[Four] The meta opulence of Violet Evergarden — Violet Evergarden

I like pretty things.

This isn’t a confession or revelation or even a caveat to couch my words. It’s just a statement to preface talking about Violet Evergarden, since I’m still unsure as to how much I actually enjoyed the series. In some moments, I think back on how pretty it was. In other moments I think of narrative gaps and melodrama. If I’m comparing Kyoto Animation series of 2018, Tsurune has already been more emotionally resonant than Violet Evergarden ever was, and it’s not even finished yet with a few production issues.

I was never invested in Violet herself — which is probably why the episodes dedicated to her backstory seemed so sluggish and boring — but I loved the stories of the people she helped, either directly or indirectly, through letter-writing. This series was a test of how much I value aesthetics and animation even when the central storyline doesn’t interest me personally.

The visual opulence and melodramatic vignettes of Violet Evergarden — the meta of the production itself — are resonant with the Victorian-era trappings in which the series revels. This, above all else, is what kept me watching week after week.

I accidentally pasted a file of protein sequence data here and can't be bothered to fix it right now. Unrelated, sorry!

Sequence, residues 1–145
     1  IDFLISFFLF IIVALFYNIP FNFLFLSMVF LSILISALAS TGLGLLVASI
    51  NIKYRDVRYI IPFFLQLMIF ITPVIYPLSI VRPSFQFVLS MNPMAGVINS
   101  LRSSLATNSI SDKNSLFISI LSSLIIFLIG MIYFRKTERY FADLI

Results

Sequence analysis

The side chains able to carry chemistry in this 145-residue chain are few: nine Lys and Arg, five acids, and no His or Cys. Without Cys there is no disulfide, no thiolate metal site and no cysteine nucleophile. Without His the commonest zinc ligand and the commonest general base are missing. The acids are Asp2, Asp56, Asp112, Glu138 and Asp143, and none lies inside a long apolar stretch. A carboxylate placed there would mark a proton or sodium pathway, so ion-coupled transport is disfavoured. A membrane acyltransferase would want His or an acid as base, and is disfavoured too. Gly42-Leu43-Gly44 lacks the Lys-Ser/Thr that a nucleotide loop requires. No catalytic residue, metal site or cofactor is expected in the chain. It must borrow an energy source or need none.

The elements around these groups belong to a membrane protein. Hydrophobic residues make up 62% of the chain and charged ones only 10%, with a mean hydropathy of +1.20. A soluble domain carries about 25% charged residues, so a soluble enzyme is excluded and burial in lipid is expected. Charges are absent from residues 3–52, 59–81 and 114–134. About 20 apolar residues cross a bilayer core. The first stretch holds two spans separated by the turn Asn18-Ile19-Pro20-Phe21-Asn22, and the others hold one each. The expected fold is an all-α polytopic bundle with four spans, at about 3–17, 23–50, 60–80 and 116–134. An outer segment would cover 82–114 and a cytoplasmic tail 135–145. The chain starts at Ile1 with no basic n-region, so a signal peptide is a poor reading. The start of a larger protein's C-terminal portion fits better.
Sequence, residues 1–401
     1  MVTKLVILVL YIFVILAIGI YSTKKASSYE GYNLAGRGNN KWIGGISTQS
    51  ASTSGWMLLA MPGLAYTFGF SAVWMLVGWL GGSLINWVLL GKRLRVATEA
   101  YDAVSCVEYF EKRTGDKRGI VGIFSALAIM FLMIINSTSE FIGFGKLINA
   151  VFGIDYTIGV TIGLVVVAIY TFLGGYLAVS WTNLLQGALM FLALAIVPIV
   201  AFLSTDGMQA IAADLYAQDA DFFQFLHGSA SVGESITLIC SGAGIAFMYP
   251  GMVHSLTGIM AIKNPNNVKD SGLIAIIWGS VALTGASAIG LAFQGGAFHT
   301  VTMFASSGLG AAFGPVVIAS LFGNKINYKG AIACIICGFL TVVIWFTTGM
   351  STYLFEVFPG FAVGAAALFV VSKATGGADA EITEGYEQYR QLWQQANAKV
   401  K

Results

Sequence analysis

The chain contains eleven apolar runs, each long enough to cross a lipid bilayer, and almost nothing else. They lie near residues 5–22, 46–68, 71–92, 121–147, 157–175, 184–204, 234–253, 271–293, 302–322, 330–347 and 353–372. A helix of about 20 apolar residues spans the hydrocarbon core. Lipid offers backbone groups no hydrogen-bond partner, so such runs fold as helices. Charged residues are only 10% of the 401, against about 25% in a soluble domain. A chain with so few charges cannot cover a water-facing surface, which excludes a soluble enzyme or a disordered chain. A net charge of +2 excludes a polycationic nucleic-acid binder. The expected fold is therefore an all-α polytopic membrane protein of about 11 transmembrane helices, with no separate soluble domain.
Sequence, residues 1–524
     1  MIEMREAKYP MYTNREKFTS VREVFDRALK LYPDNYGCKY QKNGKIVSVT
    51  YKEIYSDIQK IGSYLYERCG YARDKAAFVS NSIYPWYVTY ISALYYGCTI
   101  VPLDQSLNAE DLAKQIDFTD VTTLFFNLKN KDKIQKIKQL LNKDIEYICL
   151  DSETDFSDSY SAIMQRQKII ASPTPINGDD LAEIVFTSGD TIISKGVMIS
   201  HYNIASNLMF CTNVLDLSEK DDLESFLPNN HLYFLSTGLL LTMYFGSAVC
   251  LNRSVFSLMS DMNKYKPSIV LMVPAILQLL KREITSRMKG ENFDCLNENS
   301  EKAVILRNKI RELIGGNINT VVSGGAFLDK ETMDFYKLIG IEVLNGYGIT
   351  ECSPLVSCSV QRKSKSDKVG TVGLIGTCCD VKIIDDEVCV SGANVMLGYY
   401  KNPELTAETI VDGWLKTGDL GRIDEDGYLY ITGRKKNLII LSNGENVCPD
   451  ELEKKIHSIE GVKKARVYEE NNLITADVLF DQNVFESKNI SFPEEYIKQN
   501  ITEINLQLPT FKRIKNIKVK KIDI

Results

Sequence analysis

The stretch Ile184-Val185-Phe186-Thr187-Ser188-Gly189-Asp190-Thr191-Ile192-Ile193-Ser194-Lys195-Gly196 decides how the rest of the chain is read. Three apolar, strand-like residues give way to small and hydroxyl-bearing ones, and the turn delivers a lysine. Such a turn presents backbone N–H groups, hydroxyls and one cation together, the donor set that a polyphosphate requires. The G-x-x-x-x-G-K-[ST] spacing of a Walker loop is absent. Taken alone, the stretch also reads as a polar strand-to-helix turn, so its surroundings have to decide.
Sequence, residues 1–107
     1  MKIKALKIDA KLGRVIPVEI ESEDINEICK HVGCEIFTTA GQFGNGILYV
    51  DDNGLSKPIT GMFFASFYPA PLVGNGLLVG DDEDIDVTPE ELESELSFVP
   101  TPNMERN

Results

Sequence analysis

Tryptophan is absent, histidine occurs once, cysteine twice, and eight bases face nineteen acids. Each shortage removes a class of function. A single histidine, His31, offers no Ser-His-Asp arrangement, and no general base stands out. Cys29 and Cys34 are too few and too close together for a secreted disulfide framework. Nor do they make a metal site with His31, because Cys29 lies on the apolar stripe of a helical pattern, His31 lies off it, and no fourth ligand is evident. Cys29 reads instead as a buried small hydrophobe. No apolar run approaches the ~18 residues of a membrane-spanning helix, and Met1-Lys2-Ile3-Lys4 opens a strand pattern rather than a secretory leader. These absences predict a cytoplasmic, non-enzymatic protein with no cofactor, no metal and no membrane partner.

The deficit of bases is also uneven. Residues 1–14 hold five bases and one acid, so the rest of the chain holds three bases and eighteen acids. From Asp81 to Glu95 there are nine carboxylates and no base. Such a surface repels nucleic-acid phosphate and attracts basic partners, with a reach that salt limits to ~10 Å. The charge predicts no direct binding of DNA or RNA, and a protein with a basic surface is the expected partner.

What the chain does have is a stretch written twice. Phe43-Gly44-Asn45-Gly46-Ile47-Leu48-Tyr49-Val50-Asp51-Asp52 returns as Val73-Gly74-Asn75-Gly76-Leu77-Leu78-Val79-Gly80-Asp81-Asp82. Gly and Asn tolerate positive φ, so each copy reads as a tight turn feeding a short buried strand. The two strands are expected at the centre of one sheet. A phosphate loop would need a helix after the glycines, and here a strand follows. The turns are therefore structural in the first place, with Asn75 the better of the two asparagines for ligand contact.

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[Five] Hope and Darkness — A Place Further Than the Universe

In my most chuunibyou moments of college, I clung to quick phrases and quotes from a variety of media that I consumed at the time. One of these series was Grey’s Anatomy, which I watched with my suite-mates and friends as a fun exercise in procrastinating rather than doing the mountain of homework we had saved up for that Sunday evening. I don’t think Meredith Grey’s “But as human beings, sometimes it’s better to stay in the dark, because in the dark there may be fear, but there’s also hope” is as profound as I initially thought when I was much younger, but there’s a lot of raw honesty and nuance to this statement.

Sometimes, we keep ourselves in the dark because, deep down, we are aware of an awful truth and unwilling or unready to accept it.

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[Six] Time flies like an arrow — Tsurune

Fruit flies like a banana.

This erstwhile saying is a linguistics staple for demonstrating syntactic ambiguity and garden path sentences. Placing these two clauses in the same sentence makes the latter part ambiguous — how are fruit flies like a banana? — although we still parse it fairly easily as simple wordplay or a joke, due to conditioning. When hearing it from an opposing Zilean in League of Legends, we recognize the latter “like” as “enjoy” rather than “is similar to.”

Yes, this post is about sports, both traditional and electronic.

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Closing thoughts on Rikka and Akane’s relationship in SSSS.Gridman

“Who knew this fleeting moment could be so beautiful, so cherished, filling the hole in my heart.”

-‘youthful beautiful,’ Maaya Uchida, SSSS.Gridman ending theme

From what we know of gods, they tend to create beings in their own image. Akane Shinjou’s Rikka Takarada is no exception.

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